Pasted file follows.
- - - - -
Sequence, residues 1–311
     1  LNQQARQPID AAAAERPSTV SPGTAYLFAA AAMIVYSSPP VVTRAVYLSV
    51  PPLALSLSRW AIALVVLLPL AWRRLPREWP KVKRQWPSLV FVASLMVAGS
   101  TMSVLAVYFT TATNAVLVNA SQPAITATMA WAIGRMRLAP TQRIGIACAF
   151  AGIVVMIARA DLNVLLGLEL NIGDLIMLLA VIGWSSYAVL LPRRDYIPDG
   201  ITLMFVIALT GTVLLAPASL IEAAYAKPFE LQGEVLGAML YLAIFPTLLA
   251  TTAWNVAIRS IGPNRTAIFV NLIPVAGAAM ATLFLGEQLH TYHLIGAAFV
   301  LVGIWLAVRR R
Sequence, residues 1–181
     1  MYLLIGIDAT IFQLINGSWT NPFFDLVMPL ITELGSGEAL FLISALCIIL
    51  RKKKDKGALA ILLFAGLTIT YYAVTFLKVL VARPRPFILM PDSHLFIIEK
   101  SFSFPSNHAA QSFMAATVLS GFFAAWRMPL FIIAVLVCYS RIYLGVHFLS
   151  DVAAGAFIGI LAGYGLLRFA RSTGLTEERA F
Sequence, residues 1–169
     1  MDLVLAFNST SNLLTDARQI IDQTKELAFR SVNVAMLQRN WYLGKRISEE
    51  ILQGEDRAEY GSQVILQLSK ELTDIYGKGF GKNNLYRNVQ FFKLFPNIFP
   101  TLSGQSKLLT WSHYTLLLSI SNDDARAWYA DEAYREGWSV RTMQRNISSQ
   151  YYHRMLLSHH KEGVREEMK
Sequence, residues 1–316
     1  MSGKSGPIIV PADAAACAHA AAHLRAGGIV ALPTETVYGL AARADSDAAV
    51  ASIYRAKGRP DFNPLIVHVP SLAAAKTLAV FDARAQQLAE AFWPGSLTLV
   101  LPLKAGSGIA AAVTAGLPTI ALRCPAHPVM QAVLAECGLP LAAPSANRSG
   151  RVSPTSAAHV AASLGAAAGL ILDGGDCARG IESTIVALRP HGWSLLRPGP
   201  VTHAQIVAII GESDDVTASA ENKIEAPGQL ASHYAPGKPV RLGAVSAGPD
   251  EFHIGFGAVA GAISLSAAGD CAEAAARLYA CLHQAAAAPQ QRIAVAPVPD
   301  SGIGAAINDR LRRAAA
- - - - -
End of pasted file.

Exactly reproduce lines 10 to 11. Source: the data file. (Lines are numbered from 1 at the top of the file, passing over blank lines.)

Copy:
     1  MYLLIGIDAT IFQLINGSWT NPFFDLVMPL ITELGSGEAL FLISALCIIL
    51  RKKKDKGALA ILLFAGLTIT YYAVTFLKVL VARPRPFILM PDSHLFIIEK